This is what we wanted, isn’t it?
A no-holds-barred, unfiltered look into the world of the X-Men, as opposed to the toned-down PG-13 version offered by the previous films in the series? A chance to see Wolverine shine in his full, unadulterated glory? Hell yes.
What wouldn’t have been possible were it not for the incredible success of Deadpool is now a reality. In what’s rumored to be the X-Men swan song for Hugh Jackman and Patrick Stewart, we’re finally given a darker, grittier look at their lives in Logan, and the results are close to everything we could have wished for.
Set in the year 2029, Logan (Jackman) has all but left his old life behind him. Working as a chauffeur along the Mexico/US border, he spends his time driving clients around while trying to care for a greatly-aged and oft-senile Charles Xavier (Stewart). As it turns out, for some reason mutant births in the near future have been suppressed, and as a result the mutant population has been nearly eradicated, with no new mutants being born.
Logan plans on saving up enough money to purchase a boat so he and Charles can spend the rest of their lives sailing, but his dreams are interrupted when he meets Laura (Dafne Keen), a young child who demonstrates mutant abilities that seem to mimic his own: retractable adamantium claws and impossibly fast healing capabilities. Tasked with taking her to North Dakota, where a mutant sanctuary called Eden is believed to exist, Logan packs her and Charles up for the trek north.
I’d be in remiss to not give the “should be obvious, but apparently it isn’t” caveat: this is a film that easily earns its R-rating in the first ten minutes. If you’re a parent that has concerns about taking your children to see a film containing blood and extensive violence, it’s probably a good idea to skip this one. There is a fair amount of blood, dismemberment, and even some nudity (nude boob count: one pair).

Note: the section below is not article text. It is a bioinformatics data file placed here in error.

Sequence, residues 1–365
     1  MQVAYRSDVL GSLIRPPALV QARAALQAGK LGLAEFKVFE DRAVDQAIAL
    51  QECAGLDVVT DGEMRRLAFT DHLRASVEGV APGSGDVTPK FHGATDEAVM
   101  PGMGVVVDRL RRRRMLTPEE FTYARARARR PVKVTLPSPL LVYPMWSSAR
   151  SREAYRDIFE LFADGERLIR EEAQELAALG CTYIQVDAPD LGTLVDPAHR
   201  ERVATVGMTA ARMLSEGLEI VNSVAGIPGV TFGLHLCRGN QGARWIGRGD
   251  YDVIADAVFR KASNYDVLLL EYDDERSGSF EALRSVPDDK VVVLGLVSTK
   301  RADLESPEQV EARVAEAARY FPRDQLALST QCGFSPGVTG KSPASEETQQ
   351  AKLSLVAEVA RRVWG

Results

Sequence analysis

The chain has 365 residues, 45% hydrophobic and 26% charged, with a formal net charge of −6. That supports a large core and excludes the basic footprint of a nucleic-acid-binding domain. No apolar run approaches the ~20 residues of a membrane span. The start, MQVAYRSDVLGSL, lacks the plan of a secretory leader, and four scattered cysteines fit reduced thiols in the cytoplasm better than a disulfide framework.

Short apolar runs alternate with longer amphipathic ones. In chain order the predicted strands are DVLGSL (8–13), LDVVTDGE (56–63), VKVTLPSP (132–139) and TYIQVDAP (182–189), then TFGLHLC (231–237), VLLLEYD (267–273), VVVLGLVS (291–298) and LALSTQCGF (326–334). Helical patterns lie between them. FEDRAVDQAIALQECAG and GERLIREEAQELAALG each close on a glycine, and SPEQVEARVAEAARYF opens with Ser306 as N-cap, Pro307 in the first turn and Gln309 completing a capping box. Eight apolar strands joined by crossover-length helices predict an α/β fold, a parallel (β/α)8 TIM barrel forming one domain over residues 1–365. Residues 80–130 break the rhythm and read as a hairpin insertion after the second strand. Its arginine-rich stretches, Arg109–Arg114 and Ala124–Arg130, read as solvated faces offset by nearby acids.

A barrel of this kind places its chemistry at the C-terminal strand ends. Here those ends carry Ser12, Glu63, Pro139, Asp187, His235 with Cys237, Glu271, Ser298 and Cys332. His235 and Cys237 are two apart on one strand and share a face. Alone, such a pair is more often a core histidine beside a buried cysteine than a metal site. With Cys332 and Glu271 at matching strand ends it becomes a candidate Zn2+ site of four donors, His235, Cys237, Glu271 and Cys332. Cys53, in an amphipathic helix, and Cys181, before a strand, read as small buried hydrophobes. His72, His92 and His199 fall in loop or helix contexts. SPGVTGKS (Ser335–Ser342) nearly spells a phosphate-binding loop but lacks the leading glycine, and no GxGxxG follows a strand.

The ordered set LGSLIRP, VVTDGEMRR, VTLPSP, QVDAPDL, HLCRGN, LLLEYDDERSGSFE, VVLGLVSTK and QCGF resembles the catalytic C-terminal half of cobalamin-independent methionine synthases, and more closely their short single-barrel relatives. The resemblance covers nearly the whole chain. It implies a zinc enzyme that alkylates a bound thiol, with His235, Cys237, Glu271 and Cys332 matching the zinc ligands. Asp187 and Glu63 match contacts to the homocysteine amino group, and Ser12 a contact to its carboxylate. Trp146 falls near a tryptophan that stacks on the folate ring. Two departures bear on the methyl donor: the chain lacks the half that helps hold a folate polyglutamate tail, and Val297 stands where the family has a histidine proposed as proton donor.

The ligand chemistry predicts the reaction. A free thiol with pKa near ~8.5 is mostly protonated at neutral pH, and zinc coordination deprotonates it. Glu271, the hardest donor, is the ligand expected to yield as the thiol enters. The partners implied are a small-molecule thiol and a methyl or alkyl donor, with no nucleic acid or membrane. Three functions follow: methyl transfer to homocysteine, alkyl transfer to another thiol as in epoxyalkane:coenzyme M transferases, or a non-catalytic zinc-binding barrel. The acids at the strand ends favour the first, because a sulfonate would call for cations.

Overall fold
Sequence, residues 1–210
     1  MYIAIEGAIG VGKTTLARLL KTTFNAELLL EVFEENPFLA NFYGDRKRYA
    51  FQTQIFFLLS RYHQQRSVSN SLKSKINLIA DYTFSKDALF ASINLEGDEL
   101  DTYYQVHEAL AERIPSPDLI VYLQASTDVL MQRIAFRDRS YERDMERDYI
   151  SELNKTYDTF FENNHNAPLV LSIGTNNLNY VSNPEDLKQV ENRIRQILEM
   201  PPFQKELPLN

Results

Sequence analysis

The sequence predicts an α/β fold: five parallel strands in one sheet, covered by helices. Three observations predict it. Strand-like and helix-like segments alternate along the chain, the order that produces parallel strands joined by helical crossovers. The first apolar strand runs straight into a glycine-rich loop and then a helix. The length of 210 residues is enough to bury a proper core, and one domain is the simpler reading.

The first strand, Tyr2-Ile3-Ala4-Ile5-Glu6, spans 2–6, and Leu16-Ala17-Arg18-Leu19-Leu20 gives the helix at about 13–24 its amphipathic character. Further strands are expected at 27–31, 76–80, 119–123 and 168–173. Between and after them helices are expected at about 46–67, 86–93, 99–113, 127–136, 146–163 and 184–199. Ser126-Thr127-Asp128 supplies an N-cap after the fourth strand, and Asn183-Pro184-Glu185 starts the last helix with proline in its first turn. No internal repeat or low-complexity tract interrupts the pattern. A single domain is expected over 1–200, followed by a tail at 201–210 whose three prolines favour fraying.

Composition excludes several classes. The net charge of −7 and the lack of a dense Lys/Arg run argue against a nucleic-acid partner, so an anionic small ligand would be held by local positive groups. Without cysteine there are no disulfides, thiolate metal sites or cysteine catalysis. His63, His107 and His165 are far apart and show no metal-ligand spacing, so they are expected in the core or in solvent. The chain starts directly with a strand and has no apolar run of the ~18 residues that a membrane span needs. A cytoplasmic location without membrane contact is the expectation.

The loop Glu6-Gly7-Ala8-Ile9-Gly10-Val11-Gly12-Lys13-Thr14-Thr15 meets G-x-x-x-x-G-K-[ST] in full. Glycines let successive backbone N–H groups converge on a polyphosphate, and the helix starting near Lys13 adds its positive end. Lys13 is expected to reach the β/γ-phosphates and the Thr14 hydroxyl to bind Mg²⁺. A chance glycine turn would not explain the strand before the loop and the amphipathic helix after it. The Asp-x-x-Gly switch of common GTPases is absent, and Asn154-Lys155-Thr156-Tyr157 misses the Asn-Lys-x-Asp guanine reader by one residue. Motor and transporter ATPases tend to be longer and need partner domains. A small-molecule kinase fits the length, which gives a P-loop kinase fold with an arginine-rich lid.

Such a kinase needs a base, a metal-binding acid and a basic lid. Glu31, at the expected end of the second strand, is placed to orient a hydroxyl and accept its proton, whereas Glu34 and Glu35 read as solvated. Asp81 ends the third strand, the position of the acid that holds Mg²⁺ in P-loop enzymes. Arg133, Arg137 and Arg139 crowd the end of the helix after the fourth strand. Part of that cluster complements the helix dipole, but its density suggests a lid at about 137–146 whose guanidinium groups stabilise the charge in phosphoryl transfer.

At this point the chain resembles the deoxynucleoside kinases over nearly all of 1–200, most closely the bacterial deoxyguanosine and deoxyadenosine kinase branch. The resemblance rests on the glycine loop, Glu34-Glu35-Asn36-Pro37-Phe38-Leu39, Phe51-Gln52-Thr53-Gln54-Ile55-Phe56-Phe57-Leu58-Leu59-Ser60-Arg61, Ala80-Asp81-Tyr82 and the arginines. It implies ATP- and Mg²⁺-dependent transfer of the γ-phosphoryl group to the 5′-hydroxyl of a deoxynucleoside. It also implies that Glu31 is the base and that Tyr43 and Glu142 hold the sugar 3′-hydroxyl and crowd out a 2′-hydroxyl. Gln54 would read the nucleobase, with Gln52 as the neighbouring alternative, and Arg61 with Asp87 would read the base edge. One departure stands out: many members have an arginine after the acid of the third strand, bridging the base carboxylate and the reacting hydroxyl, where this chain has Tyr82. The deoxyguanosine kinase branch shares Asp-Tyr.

To be fair, though, I don’t think they could have made this movie without obtaining the Restricted rating. Word is that Jackman himself took a pay cut so they could get an R-rating, and I think fans will be grateful for it, as this is a film that would have suffered immensely had they censored themselves in order to reach a wider audience. The violence matches well with the bleaker tone of the film, and I applaud them for making the decision to go in this direction.
Jackman does a solid job in the titular role. He’s a man who knows he’s on borrowed time, and his struggle between his desire to live the rest of his life on his own accord and his conscience gnawing at him to help Laura comes through well. It’s a little jarring to see him and Xavier in more vulnerable states than we’re accustomed to, but their relationship as teacher/father and pupil/son has always been a tremendous asset in the film series, and it’s presented very well in Logan. The main antagonist in the film, Donald Pierce (Boyd Holbrook), is solid, if not overwhelmingly so. Holbrook portrays Pierce as cold and calculating, but with a tone of admiration for Logan and his past accomplishments.
The real revelation of the film, though, comes in the form of Dafne Keen, who is fantastic in her portrayal of Laura/X-23. She’s visceral and more than able to portray her emotions without dialogue. If the producers are hoping she’ll grow into the role of X-23 in future films, I think she’ll do fine.
As a whole, the cast and effects are more than capable, but the story itself can falter at times. There’s a LOT of background that goes mostly unexplained, and the second half of the movie can get a little weighted down with trying to outdo itself.
It isn’t perfect, but it is a terrific final chapter in the cinematic life of the Logan character, and I found myself far more entertained watching Logan than I did any of the other X-Men films (unless you’re counting Deadpool as an X-Men film). I explained it to a friend of mine who’s an avid fan of the comics, and he retorted, “That may not be saying much. That could be saying one pile of crap doesn’t smell as bad as other bigger piles of crap.” Fair enough. Thankfully, though, this isn’t the case. It is, however, pretty damn good, and it could perhaps solidify a move in the franchise towards more R-rated films in the future, and I’m all for it.
Logan gets a B+